But for a brief recap anyway, most of Budapest’s ~30 current community gardens were developed by two nonprofit organizations. One of those organizations, KÉK, is an established nonprofit with many projects aimed to increase Budapest’s sustainability and community development. Two people at this nonprofit manage its community garden program, and they work primarily with private and for-profit enterprises to open their gardens (although in a few instances, they have worked with the local government.) The other nonprofit, VKE, was created and is led by Rosta Gábor. Gábor reaches out to local district governments and communities to spawn interest in creating a community garden, and the district governments then commission VKE receives funding to help create it. Other community gardens in Budapest were founded by grassroots organizations and community members who’ve worked closely with private businesses and local governments to create the gardens.
All gardens I visited in Budapest struggle to maintain their positive community presence and impact overtime. Some gardens have difficulty securing their physical presence (keeping their land), and nearly all of the gardens struggle to uphold their community development goals and activities. Gardens dependent on private organizations for land, like those founded by KÉK and other grassroots organizations, are vulnerable to their land owners’ changing leadership and development plans. Gardens sponsored by local governments, like a few KÉK gardens and the VKE gardens, have secure land tenure, yet they still may not have ensured access to sufficient funding for other garden input costs. Furthermore, all gardens I visited faced the same challenge: maintaining the gardens as lively, social spaces for people to connect and share experiences. None of the gardens I visited had paid employees, and the responsibility to create community activities largely fell upon a few volunteers. When those volunteers were unable to unwilling to keep up with social activity scheduling or general garden communication, the gardens’ positive social functions diminished.
Fáczányi suggested that an ideal form of garden creation would be for community members to join together and then petition the local government to help them create the garden. That would avoid community development challenges that manifest when gardens are created in a “top-down” manner—when gardens are set up and presented to the community as a means to increase community development. If community members have the initiative to join together and petition for a community garden, it might be indicative of that community’s long-term sustainability.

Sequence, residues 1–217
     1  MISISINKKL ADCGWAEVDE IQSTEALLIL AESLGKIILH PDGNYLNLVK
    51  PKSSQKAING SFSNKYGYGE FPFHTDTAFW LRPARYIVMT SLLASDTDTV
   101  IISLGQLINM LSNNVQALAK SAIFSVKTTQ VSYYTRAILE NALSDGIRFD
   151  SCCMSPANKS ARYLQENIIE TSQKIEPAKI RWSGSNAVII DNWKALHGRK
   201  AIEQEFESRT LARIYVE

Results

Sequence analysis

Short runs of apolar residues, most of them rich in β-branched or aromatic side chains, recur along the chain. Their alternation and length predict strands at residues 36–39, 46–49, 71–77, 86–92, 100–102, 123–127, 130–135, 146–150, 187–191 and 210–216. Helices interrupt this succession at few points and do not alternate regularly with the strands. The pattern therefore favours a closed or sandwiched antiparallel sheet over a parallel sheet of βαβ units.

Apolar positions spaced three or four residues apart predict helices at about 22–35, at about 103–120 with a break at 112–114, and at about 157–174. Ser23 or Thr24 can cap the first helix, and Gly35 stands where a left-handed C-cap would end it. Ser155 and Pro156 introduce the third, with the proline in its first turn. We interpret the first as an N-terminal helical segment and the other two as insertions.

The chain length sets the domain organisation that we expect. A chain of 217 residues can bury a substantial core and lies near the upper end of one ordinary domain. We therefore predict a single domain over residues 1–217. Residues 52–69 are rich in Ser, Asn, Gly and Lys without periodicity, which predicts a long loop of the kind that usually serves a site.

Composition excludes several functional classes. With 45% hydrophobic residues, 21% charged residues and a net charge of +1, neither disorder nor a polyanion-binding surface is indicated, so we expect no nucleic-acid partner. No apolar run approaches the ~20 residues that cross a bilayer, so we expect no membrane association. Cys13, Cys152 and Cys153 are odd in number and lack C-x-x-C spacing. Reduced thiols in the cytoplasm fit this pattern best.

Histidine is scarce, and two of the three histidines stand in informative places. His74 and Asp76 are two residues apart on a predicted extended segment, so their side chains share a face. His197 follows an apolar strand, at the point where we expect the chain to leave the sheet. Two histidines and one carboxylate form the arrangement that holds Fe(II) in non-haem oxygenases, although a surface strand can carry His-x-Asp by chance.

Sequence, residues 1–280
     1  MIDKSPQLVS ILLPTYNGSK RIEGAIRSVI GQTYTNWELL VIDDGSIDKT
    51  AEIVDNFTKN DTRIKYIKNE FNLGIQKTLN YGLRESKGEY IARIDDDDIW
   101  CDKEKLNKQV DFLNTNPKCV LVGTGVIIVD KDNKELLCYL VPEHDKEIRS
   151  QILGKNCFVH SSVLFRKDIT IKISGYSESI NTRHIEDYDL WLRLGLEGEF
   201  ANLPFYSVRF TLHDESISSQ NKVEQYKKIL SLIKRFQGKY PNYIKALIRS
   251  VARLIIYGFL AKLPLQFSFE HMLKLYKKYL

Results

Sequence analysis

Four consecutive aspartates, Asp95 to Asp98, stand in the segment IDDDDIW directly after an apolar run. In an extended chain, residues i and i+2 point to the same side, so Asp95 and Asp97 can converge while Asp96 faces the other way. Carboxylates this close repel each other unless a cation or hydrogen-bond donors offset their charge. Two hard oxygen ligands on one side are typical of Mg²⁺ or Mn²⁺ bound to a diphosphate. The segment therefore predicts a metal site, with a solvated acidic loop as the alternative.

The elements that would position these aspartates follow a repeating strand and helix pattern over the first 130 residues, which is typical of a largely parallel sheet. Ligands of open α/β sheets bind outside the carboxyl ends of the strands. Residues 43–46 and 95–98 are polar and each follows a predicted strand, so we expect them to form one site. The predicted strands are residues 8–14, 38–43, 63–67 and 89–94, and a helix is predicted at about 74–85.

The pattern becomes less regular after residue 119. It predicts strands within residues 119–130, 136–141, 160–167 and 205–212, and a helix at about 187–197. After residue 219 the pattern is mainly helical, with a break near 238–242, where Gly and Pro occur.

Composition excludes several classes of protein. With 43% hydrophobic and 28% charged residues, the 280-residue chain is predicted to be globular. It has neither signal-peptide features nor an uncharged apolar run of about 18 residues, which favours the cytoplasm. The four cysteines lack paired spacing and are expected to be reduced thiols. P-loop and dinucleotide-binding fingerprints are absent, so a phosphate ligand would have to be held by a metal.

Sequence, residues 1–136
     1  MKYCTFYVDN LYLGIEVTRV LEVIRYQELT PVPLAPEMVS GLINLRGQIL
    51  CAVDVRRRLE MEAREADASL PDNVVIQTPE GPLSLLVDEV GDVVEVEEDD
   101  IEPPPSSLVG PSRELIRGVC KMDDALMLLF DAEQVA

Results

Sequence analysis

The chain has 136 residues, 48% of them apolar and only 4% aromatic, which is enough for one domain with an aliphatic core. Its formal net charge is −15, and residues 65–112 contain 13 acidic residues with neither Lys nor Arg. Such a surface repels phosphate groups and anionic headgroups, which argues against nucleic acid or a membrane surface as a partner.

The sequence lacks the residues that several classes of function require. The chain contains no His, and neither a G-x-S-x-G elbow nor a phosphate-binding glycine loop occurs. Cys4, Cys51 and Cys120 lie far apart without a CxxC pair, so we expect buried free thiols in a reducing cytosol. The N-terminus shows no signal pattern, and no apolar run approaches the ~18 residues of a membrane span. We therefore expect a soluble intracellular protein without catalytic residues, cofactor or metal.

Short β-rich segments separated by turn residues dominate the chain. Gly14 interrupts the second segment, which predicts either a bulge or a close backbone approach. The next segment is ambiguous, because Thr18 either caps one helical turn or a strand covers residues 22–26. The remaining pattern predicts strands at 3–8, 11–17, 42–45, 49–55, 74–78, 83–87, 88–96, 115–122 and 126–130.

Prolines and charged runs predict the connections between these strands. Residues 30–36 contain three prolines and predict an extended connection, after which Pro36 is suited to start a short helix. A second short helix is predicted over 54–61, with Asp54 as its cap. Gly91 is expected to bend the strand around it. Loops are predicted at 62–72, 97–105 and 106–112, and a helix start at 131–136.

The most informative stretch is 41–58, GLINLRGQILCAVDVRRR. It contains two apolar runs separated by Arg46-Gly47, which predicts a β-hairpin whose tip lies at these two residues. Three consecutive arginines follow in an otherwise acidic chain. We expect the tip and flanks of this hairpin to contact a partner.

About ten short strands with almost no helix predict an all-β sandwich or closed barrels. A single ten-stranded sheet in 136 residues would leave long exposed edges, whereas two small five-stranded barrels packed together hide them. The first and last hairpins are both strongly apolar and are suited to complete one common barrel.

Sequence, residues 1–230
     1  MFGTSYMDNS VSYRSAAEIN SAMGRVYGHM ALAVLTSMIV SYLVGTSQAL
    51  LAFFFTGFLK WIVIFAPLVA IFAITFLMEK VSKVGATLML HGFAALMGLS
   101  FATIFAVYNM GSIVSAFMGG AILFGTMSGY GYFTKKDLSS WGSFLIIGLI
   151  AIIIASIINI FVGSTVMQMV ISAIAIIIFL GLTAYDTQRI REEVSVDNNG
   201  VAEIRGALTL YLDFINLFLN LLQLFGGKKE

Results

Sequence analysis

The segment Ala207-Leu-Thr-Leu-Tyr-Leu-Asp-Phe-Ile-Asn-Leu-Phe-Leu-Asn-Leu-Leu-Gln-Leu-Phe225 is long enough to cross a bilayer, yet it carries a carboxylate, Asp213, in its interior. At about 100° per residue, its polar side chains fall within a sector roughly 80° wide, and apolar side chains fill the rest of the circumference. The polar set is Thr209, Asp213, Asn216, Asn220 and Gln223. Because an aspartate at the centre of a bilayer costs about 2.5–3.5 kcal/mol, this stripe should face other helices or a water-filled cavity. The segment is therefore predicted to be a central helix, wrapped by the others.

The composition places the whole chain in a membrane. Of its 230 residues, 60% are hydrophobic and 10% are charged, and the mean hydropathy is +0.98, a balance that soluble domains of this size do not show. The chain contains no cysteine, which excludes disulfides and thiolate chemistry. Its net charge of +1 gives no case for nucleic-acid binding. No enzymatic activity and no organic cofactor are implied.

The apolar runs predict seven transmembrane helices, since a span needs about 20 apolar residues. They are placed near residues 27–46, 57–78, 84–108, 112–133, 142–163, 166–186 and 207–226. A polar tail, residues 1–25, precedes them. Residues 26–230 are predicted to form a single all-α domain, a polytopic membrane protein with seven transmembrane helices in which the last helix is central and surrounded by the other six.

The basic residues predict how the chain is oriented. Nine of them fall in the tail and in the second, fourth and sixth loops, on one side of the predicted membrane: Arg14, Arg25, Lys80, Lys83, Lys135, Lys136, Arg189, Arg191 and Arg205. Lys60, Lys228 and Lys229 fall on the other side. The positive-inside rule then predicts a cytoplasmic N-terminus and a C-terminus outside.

Community Gardens in Brisbane
Many of Brisbane’s community gardens were created exactly how Fáczányi proposed. Many Brisbane community gardens emerged from motivated community members’ passion and drive to create their own community, food-producing spaces. Yet, garden leaders still often struggle with the same challenges experienced by their Hungarian counterparts, such as maintaining a cohesive community vibe, applying for and securing proper funding, ensuring adherence to city legislation, and ensuring all members are equally committed to the garden work and the community atmosphere. Most garden leaders/coordinators whom I spoke to in Brisbane do their work on a volunteer basis. Therefore, despite these gardens’ founding stories, in which community members joined together, galvanized neighborhood and political support for the garden, and created gardens based on shared, community principles, each Gardens day-to-day functioning still has a precarious dependence on a few individuals who are able to put it in so many volunteer hours each week.
Certainly, many gardens I visited in Budapest do not struggle with day-to-day management challenges because of the dedicated individuals they have running them. However, these gardens cannot provide a universal example of how to solve these challenges because of these gardens’ key demographics. One Google review of the Yoorola Street Community Garden describes this phenomenon well: “Lots of old people,” wrote internet user with screenname Berlin 1945. Sure, I did see a few families working on their plots at Yoorola Street the Sunday morning I visited, but as the garden commenced their monthly meeting (following the “highly encouraged” weekly volunteer event) everybody under 50 (but me) left.